The number of women in construction has hit an all-time high, reports the Bureau of Labor Statistics (BLS). According to the bureau’s data, the percentage of women in the industry has steadily risen since 2016, with 14% of all construction workers now women. Tara Novotny, vice president of Virginia-based Windows on Washington, says it should be no surprise that the number of women in the industry is on the rise.

“The industry as a whole is dynamic, it’s rapidly changing and it has unique challenges and opportunities,” she says. “So why wouldn’t there be more women coming into this space?”

The Washington Post analyzed the bureau’s data and discovered that the increase of women, namely in construction, is largely due to the rise in Hispanic women moving into the industry. Since 2016, the number of Hispanic women in construction has grown 117%. In fact, the number of Hispanic women overtook the share of white women in construction in 2020.

“We’ve experienced an enormous growth of women in construction across the board,” Rafael Villegas, executive director of the Georgia Hispanic Construction Association, told the Washington Post. “Way back when, you wouldn’t see a woman in the trades, in upper management, or even running the business. Now, women have a strong presence in every field.”

According to BLS data, the increase in women in construction is a result of the industry’s continued high demand for workers. The BLS reports that the unemployment rate in 2016 for people who had most recently held a construction job was the lowest since at least 2000. That meant recruiters had to look elsewhere from the usual pools to find new employees, which has led to a steady increase of women in trades.

“Right now, about one million women are working in the construction industry,” U.S. Secretary of Commerce Gina Raimondo said when she announced the Million Women in Construction initiative in October 2022. “I’m here to tell you that together we are going to double that over the next decade to create opportunity for another million women.”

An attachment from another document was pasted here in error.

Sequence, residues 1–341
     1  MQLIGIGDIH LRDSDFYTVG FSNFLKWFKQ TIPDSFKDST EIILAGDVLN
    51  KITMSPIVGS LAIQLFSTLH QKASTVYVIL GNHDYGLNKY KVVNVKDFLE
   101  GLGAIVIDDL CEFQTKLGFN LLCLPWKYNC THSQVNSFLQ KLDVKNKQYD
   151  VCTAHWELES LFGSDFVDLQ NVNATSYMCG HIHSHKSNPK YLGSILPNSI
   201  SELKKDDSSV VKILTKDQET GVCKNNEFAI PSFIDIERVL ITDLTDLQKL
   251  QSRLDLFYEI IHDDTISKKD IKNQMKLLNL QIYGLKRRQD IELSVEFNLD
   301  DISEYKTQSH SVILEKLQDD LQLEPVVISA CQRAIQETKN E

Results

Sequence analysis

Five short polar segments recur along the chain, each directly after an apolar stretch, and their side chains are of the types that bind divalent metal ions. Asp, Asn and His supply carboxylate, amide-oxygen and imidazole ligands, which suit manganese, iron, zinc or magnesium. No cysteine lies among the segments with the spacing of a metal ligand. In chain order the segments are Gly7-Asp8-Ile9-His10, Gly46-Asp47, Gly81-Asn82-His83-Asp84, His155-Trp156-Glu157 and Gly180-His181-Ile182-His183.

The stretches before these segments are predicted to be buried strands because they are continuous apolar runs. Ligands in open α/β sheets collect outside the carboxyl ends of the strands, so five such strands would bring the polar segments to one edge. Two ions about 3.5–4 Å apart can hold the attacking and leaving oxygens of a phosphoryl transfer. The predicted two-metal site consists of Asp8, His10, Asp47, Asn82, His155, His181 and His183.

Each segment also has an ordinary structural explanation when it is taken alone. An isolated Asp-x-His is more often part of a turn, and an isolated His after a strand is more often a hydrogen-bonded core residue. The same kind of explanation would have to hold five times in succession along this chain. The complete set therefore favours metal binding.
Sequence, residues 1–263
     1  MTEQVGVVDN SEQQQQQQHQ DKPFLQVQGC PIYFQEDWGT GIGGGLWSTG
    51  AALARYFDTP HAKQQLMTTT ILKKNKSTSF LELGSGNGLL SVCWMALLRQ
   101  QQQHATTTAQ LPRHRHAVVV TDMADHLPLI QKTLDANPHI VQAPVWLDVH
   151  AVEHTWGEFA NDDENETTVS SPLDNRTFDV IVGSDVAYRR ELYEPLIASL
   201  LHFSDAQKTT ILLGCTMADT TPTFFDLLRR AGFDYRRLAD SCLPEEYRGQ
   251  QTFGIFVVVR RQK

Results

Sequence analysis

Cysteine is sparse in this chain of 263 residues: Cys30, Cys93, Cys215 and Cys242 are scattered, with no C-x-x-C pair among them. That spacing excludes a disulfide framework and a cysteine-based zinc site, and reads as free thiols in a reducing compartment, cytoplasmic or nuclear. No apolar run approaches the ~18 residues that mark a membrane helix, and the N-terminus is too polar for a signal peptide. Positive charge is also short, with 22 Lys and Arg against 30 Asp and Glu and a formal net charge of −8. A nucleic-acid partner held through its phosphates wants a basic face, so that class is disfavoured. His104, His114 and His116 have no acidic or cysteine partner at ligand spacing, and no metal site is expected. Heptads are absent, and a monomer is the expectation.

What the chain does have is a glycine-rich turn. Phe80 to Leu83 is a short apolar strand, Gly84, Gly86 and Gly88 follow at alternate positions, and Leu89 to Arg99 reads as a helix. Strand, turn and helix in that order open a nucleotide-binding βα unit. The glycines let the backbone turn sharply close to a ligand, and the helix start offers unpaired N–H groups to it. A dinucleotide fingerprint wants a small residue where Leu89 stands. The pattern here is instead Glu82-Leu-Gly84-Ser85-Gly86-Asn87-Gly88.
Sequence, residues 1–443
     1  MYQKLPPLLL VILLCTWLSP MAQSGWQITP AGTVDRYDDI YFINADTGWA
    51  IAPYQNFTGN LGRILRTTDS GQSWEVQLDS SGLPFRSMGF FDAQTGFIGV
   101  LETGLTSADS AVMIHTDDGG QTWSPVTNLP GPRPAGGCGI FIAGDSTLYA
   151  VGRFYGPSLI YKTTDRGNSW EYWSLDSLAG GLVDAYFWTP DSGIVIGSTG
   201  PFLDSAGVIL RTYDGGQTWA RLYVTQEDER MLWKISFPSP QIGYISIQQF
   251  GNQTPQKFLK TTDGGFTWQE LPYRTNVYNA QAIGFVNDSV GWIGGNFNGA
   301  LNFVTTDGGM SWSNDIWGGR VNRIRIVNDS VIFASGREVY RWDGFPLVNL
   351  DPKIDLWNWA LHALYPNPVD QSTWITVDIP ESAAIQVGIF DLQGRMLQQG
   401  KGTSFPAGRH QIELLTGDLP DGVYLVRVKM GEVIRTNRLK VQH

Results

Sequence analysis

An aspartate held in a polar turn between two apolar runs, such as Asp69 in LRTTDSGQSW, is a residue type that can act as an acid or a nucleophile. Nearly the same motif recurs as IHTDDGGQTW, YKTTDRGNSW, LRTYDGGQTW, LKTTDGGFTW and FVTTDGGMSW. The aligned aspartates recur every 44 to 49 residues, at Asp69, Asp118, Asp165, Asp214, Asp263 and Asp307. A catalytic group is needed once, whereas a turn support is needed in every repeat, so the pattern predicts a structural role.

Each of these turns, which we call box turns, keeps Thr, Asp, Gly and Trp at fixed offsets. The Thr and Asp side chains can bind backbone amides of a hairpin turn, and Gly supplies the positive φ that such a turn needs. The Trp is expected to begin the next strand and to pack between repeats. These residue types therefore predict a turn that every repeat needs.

In pulling from her recent experiences touring a window manufacturing facility, Novotny says 85% of workers on the floor were women.

“The feedback was that they’re happy and retention rates are high,” she says. “As these people have taken permanent positions now that COVID is behind us, there’s not that much turnover.”

The Million Women in Construction initiative seeks to build a new inclusive American workforce by bringing more women into the construction industry.

“One of the things you have to take into consideration is that in familial roles, women tend to bear a lot of responsibilities in the household and with children,” Novotny says. “If you’re targeting women for employment, anything you can do to provide a supportive environment that harmonizes career and family, that’s going to be very attractive.”

Though the increasing number of women in trades is a positive step forward, Raimondo says that women still face hurdles. These include a lack of women’s restrooms at jobsites and using construction equipment such as harnesses and hard hats that are made for men. They also spoke about being assigned fewer hours than the men and the lack of onsite childcare.

“It’s 2022 – it’s time to say this is no longer acceptable,” says Raimondo. “Women don’t want to deal with the BS. They just want to do their jobs. Together, we’re going to put the pedal to the metal and bring more women into the construction industry than ever before.”

Data from the BLS shows that Washington, D.C., leads the nation for women in construction with 17.6%. Arizona is second with 15.6%; Florida is third with 14.5%; Washington is fourth with 13.6%, and Oregon rounds out the top five with 13.5%. Kentucky, Wisconsin, Arkansas, Maine and Delaware round out the bottom five.

“You have a lot of very capable women that have a very wide skill set that can help businesses to perform and to grow,” Novotny says. “So I think it’s wise to look at the women’s workforce and understand the unique talents and strengths you get with female labor.”

Joshua Huff contributed to this report.

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